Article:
Sunday, September 15, 2013

In Which I Become American

All the American characteristics I’ve acquired over a lifetime have suddenly became visible by contrast here in the Netherlands. Some of these characteristics follow. Of course, the luxury you have as a foreigner is deciding all your quirks are cultural, while in fact it’s just you being weird. Apologies for that.

Exaggeration: In America, we say things are awesome when they are good, good when they are okay, and okay when they are terrible. The respondent knows to down-play the comment down to its literal level. Most Americans, for example, will register the insult when told that their presentation was okay. Here, I still overstate things, which results in a lot of people thinking I’m terribly insincere or sarcastic.

Being Open: It’s not that unusual to hear the whole life story of someone you’ve just met in America. In Europe, however, you could know someone for years without learning anything more personal than the fact they have parents. With all the oversharing on my part, and rectitude on theirs, my interactions start resembling therapy sessions more than actual conversations.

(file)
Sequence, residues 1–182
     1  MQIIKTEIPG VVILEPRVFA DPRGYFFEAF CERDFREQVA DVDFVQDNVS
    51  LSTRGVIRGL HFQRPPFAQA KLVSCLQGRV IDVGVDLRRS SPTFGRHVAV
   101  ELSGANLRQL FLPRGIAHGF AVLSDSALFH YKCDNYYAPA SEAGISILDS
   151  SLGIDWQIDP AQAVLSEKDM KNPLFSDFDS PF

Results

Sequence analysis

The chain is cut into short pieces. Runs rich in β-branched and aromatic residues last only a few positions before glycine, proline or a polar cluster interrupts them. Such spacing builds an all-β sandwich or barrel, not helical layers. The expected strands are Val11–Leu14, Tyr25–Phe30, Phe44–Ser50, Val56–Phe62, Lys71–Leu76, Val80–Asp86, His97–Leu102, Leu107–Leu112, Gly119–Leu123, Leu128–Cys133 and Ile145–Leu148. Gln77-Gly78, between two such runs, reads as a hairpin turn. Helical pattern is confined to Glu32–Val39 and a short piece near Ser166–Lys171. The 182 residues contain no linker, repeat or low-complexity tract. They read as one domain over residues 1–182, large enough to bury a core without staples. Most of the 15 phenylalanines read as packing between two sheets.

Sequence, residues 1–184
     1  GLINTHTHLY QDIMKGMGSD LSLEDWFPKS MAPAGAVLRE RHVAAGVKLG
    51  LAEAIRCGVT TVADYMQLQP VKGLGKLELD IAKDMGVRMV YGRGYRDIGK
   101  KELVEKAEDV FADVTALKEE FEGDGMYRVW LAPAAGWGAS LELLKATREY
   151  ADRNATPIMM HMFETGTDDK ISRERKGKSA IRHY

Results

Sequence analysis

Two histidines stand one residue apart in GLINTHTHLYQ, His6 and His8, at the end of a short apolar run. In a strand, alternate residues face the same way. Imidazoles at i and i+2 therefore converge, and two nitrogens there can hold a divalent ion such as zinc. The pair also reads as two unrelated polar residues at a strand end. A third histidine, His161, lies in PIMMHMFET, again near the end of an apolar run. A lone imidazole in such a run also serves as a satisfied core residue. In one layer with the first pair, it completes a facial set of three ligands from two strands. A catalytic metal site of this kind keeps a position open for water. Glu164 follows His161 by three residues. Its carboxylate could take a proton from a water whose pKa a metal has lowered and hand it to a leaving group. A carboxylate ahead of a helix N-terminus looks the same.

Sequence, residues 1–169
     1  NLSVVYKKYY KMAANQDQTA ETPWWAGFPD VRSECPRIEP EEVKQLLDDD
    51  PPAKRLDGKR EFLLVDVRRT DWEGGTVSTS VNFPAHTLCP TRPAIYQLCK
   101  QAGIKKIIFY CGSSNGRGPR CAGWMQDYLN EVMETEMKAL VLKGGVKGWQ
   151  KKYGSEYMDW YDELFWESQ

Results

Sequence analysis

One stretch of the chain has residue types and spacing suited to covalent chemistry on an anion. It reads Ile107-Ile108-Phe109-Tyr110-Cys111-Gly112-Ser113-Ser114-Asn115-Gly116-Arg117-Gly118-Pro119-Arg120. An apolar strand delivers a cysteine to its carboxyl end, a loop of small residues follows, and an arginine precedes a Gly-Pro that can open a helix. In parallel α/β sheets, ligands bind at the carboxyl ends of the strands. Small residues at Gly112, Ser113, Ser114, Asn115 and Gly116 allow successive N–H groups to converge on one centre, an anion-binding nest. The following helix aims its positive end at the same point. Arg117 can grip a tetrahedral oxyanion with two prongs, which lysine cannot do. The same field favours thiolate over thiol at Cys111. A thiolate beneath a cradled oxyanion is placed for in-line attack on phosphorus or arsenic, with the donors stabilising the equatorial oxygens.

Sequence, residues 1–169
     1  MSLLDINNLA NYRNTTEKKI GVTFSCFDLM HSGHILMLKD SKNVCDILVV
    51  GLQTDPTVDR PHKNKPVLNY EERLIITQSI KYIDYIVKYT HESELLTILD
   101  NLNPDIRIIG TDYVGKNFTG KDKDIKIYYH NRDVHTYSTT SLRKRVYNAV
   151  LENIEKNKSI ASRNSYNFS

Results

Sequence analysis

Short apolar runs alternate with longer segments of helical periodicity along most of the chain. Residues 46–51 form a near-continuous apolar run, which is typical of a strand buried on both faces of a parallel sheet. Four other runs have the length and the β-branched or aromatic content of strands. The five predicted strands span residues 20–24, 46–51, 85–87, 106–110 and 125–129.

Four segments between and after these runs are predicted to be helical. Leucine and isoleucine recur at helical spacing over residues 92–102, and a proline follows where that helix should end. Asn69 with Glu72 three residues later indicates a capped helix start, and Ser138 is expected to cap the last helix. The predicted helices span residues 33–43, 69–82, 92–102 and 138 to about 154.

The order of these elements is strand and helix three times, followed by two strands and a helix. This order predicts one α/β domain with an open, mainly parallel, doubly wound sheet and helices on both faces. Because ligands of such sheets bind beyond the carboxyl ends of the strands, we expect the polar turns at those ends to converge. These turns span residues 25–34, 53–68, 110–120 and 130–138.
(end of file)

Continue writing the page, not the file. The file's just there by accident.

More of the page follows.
Patriotism: The way I understand pride of own country is that it’s a bit like pride in oneself. You don’t need to go around stating that you’re better than everyone else, even if you secretly belief it. So I never really had much use for the “We’re the best country in the world!” brand of patriotism. I don’t know enough about other countries to judge.

But while I have no problem complaining about certain aspects of America (the Tea Party aspect), when others go on and on and on about the myriad things that are wrong with America, I get defensive. It’s probably similar to how you can complain about your own family all you like, because you know that you love them deep down, but, somewhat irrationally, it’s offensive when someone else agrees with you.

This may just be me: Eating food in the right order is of great importance here. People reacted to my chips being on the same plate as my cake like I was eating chocolate with spaghetti. Which I later did to make a point. I’m not sure what this point was, but it was definitely made.


  1. Is the exaggeration opposite with when things go bad? When it's absolutely horrible, often it's just a embarrassing moment or something that'll pass. But when it's "bad"'s real bad, like dark, bad O.O

    1. oh hey, that's true! "this is bad" scares me a lot more than "this is the worst thing that has ever happened"